The rigors of reporting were abandoned for the simple pleasures of the sermon.
The key credo, however, was that recognizing complexity was desirable only within the tenets of the belief system. Outside of those tenets, complexity was not just unwelcome but wrong. That is, you could discuss how evil the Israelis are, or Republicans, or “nationalists” from India or France, or oil companies, or anyone on the approved list of wrongdoers—but not suggest they might be right, or their opponents mistaken. The rigors of reporting, in other words, were abandoned for the simple pleasures of the sermon.
I’m lucky enough to have grown up with traditional religion, and I’ve experienced religious behavior from moderate to extreme. What I was seeing in the mainstream press was a move from rational observation into a kind of moral judgment that I knew from other parts of my life. The guiding idea was no longer to understand what was going on; there was nothing to understand. We knew who was right and who was wrong, and it remained only to anathematize the bad guys so far into disrepute that even the act of trying to understand them would be a kind of sin.
To achieve this effect, the news narrative in Israel was constructed, without undue difficulty, with tricks of storytelling and framing: pretending the conflict is one between Israelis and Palestinians and not a much broader Middle Eastern war; pretending the Palestinian national movement merely wants a state beside Israel; dismissing Israeli attempts to solve the conflict on reasonable terms; erasing the actions of Israel’s opponents so Israel’s own actions and fears seem irrational or duplicitous; and suggesting the Jewish instinct for self-preservation in the Middle East is “right wing” while the Islamist war against Jews or the Iranian drive for regional hegemony are somehow about “human rights.” The ideology not only puts forward its own explanation for things but rules out any other explanation. If you point out that none of this is true, you’re whitewashing oppression and will be tarred as a racist, as I eventually was, joining a list that was less illustrious at the time than it is now.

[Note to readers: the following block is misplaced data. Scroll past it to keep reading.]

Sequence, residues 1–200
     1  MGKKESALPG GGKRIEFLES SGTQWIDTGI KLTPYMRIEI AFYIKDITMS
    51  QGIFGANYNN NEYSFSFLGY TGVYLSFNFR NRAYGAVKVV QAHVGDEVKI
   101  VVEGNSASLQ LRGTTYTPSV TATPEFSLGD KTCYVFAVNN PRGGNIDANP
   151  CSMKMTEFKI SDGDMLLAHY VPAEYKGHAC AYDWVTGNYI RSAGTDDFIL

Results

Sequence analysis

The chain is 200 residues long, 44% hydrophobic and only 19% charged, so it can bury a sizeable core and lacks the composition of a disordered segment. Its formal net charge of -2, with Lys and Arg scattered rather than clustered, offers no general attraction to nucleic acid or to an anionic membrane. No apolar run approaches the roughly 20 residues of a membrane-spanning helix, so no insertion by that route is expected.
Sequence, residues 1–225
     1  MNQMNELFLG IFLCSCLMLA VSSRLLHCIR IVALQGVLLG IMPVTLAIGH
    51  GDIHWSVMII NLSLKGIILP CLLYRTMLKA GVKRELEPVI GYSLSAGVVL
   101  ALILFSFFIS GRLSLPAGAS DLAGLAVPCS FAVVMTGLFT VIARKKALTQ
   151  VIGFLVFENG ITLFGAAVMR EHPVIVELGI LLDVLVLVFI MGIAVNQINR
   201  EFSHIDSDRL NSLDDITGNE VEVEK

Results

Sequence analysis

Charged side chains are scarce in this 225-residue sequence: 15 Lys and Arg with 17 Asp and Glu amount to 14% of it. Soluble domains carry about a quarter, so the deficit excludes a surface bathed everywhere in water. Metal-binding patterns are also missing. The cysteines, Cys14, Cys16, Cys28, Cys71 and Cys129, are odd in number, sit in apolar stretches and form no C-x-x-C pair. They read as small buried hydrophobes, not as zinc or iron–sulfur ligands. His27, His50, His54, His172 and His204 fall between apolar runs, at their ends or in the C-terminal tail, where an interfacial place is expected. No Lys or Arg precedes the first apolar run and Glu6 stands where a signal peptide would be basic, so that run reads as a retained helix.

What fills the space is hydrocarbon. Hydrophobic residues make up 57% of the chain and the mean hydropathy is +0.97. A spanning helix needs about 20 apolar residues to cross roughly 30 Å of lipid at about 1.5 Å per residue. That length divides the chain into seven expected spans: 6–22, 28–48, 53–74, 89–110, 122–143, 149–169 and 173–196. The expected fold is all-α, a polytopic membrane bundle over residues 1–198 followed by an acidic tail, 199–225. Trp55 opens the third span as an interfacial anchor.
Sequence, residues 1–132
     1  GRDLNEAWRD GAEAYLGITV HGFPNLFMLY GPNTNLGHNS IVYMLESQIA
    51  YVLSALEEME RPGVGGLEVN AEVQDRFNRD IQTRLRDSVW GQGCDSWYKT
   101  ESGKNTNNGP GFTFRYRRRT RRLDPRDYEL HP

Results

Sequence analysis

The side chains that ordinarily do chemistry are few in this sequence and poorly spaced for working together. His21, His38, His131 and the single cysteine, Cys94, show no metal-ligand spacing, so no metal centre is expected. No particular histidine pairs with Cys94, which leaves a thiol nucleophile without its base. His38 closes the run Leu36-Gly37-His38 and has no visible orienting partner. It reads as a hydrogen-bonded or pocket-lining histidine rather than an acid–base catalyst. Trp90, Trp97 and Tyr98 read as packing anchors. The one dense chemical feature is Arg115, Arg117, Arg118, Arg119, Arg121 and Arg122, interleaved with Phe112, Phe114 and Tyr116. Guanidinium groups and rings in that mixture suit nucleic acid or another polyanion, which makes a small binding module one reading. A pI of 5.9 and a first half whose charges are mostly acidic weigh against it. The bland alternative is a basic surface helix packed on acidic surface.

Today all of this seems almost wearily familiar from “cancel culture.” But it wasn’t widely familiar a decade ago, because in many ways Israel was patient zero. The successful creation and promotion of the Israel story transformed a real country into something so dangerous and disruptive to the desired order that it had to be canceled—an aspiration that has actually become a staple of politics on the left, and is now aired in the press as if it were completely rational. It’s the same thinking behind the idea that an op-ed by a right-wing senator is too dangerous to be published in a newspaper of record, or that it’s necessary to pulp books in which a human being of one ethnic background imagines how the world might appear to a human being from another. The creation of the malevolent “Israel” of the news, and the subsequent push to render an entire country beyond the pale, created a pattern that has been replicated against targets ranging from nonconforming biologists to the author of books about teenage wizards. Of course the list of heretics is growing, as such lists always do.